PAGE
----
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SB 1160 (Mendoza), enacted in 2016, makes a number of changes to California utilization review.

One of the more unheralded provisions can be found in what has become Labor Code 4610 (o), which becomes operative January 1, 2018.

Here is what L.C. 4610 (o) provides:

“The administrative director shall develop a system for the mandatory electronic reporting of documents related to every utilization review performed by each employer, which shall be administered by the Division of Workers’ Compensation. The administrative director shall adopt regulations specifying the documents to be submitted by the employer and the authorized transmission format and timeframe for their submission. For purposes of this subdivision, “employer” means the employer, the insurer of an insured employer, a claims administrator, or a utilization review organization, or other entity acting on behalf of any of them.”

Until now the California Division of Workers’ Compensation has had no mechanism to track UR . Therefore, the DWC lacks reliable data on how many medical requests have been sent to UR, whether UR is conducted in a timely manner, what kinds of issues are subject to UR, whether UR is more prevalent in cases with chronic injuries versus newer, more simple injuries, and so forth.

So there is sort of a vacuum of definitive data on UR .

In the meanwhile, applicant attorneys offer anecdotal evidence of a high volume of UR, particularly in litigated cases and cases where the worker has multiple body part injuries or chronic conditions. An analysis done several years ago by CAAA’s consultant at the time, Mark Gerlach, concluded that UR denial rates varied by carriers but were often at a high rate.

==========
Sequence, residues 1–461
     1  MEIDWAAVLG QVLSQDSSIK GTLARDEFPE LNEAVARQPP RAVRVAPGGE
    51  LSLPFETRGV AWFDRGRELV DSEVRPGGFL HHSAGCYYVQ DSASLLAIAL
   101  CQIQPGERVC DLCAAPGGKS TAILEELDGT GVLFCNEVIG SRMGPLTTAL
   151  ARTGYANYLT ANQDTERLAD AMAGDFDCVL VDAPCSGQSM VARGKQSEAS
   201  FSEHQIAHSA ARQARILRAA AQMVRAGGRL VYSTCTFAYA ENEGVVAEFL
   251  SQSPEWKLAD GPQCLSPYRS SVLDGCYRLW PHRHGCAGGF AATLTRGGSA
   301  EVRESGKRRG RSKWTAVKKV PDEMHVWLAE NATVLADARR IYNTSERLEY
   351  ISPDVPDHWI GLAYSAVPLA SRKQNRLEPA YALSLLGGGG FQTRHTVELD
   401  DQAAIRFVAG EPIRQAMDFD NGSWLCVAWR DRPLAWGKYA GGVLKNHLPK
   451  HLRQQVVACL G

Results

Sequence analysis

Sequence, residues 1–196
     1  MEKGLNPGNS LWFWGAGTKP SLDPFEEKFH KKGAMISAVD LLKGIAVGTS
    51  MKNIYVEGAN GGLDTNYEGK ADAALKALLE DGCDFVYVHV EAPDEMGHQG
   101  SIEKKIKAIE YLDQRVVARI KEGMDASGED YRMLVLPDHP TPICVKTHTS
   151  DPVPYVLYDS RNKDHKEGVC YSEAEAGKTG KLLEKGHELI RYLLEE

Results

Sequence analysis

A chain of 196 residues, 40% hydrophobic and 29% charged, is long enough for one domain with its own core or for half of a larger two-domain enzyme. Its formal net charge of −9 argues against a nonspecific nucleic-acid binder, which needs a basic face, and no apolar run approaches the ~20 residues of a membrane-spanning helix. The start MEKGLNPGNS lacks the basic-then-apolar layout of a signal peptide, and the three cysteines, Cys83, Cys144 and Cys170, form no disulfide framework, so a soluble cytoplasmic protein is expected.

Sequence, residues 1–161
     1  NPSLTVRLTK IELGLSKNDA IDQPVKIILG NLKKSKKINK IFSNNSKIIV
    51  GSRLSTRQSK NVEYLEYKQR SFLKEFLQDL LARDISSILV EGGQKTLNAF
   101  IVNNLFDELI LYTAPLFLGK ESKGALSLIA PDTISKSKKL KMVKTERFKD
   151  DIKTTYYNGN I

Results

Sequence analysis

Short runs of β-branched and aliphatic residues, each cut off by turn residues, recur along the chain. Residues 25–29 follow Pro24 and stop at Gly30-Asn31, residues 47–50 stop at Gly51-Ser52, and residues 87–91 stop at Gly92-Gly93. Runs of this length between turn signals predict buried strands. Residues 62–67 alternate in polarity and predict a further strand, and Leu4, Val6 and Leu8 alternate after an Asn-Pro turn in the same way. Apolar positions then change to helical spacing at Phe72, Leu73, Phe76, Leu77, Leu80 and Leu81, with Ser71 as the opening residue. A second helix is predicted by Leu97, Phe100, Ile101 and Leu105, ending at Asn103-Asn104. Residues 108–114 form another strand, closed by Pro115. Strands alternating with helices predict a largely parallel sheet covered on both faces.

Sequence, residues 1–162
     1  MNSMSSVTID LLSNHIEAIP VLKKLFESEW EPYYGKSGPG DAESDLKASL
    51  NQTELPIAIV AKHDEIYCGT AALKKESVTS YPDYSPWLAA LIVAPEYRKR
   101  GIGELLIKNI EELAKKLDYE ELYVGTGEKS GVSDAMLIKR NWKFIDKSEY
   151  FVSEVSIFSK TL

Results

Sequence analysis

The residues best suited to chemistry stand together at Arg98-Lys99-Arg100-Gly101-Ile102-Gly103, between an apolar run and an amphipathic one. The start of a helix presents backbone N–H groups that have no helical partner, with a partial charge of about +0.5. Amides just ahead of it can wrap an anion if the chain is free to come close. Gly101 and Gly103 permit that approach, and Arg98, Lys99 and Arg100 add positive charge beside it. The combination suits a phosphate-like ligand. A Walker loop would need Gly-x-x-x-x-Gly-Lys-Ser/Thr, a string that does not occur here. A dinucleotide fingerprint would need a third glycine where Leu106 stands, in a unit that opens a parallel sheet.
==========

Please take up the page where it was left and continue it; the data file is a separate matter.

On the other hand, the California Workers’ Compensation Institute has promulgated studies that essentially claim that most treatments are approved and that UR is relatively rare. Applicant attorneys believe that these studies fail to factor out a large number of no loss time injuries and other relatively minor cases.

In several years we may have a more definitive answer to this after the DWC has time to gather data.

Reporting from the annual DWC educational conference in Los Angeles, Workcompcentral.com reporter Greg Jones  filed a piece on comments by DWC acting AD George Parisotto.

According to Jones, Parisotto indicated that “the division is trying to figure out the kind of data to require so it can get a better understanding of what is happening with utilization review.”

As 2017 progresses, the DWC will obviously be developing the process and substance of what UR information carriers will have to transmit.

All of this will undoubtedly be of interest to legislators and administrative policymakers as a new administration comes in once Governor Brown is termed out.

The burden of producing such information is clearly outweighed by the need to gather impartial information regarding the UR process as it is actually being conducted.

Stay tuned.

Julius Young

www.boxerlaw.com

Julius Young

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